Who is legally responsible for funeral costs
It is legally stated that the person’s estate pays for the funeral. The death of a loved one can come to you as a shock. Planning for a funeral and figuring out the expenses is going to be an unavoidable conversation with your family. This gets trickier if you haven’t planned for the funeral already.
If you are organizing the funeral last minute, make sure to go through a post-loss checklist to make sure you’re meeting all the requirements and demands of arranging a funeral.
How are funeral costs met?
As mentioned earlier, funeral costs are covered using the deceased’s estate. The estate includes any properties, savings, life insurance, or other assets. When the family deals with the death, they will have to look into these assets and make a call on how they plan on covering the expenses.
You should know that no family member is obliged to pay for the funeral. If the funeral has been planned in advance, the family members will know what to do and how to use the funds that are allocated for organizing a funeral for their loved one.
In case the deceased has not prepared for a funeral in advance, nor owns any assets that the family can use- in this case, the costs fall on the executor or administrator of the estate.
The deceased usually appoints the executor in a will. If the deceased hasn’t left a will behind, the court will appoint an executor. Usually, it is the next of kin who plays the role of executor.
Costs behind the funeral arrangements
On average, a funeral costs around $10,o00. The next of kin or executor, ideally, make use of the assets left behind to pay for the funeral. If the deceased hasn’t left behind any funds, in that case- the executor will not have to dig into their own funds. The court will help them source the funds by looking into the deceased’s estate or will ask for the family members to contribute towards the funeral arrangements.
It’s always better to have conversations about funeral expenses with your family in advance. This way, you can start saving and planning ahead of your funeral, saving the money and time of your loved ones.
Remember, you can always arrange a budget-friendly funeral. Cheap funerals are respectable and admirable. Bringing down the expenses and buying what you need for a funeral can also save you from having disagreements or conflicts between family members, especially during an unplanned funeral.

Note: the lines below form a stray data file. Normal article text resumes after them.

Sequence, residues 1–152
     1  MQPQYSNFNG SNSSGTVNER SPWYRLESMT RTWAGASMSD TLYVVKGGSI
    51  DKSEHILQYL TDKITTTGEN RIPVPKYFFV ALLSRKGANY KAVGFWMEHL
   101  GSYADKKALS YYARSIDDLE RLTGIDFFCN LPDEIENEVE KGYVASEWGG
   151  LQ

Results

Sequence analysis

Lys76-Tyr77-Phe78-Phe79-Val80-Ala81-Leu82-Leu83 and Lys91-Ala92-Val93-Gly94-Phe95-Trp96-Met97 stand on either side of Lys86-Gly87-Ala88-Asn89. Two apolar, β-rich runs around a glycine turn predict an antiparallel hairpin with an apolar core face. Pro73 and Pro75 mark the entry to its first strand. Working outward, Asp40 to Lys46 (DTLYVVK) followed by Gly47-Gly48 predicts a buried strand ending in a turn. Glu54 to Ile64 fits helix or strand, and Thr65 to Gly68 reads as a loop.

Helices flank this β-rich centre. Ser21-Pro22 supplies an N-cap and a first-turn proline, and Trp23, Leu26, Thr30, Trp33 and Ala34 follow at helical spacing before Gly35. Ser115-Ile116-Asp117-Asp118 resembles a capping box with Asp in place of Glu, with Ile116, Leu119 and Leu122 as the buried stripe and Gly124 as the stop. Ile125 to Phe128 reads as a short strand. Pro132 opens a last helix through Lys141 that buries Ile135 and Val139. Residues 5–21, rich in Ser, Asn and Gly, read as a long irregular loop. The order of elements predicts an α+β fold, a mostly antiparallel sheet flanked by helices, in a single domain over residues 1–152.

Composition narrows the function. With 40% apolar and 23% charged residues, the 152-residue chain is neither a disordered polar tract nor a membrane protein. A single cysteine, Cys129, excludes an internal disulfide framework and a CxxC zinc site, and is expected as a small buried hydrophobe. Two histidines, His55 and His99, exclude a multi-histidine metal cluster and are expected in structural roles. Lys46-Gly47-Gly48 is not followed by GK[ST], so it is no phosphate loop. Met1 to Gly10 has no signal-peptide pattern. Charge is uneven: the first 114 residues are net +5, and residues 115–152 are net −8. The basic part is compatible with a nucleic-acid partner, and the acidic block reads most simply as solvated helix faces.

If the deceased doesn’t have any assets left behind, no family member is obligated to pay for the funeral. In that case, you can always let the court know about this decision. The local county will take care of this and organize a free funeral.
How does funeral insurance work?
If the deceased has always had a funeral insurance plan, (burial or pre-need funeral insurance) the beneficiary, or the person named in the policy, will receive the insurance proceeds. The beneficiary is in no way obligated to use this money to pay for the funeral service.
In case there is no beneficiary named on the policy, the insurance proceeds will go to the estate. The next of kin can then use these proceeds to pay for the funeral expenses.
There may be an instance where the next of kin might have to dig into their own pockets to pay for the funeral before probate. In this case, the family member can file a claim with the probate court and receive the funds later. The court is allowed to accept or deny your requests so it’s best that you stay careful while making such decisions.
Arranging a respectful funeral
When you’re experiencing the loss of your loved one, money will barely be on your mind. Yet, in such instances, it’s best to have conversations with your family members on how to go about situations like this. It’s safest to pre-plan and have a will to avoid confusion within the family. You can find will makers online that help you draft wills where you can mention your last wishes. The next of kin is responsible for arranging the funeral and acting as the source of contact for everyone during the funeral. He/she will also have to deal with the funeral home and sign a contract with them. Although there is usually one person named as the executor, the entire family must get together and help each other out during these distressing times.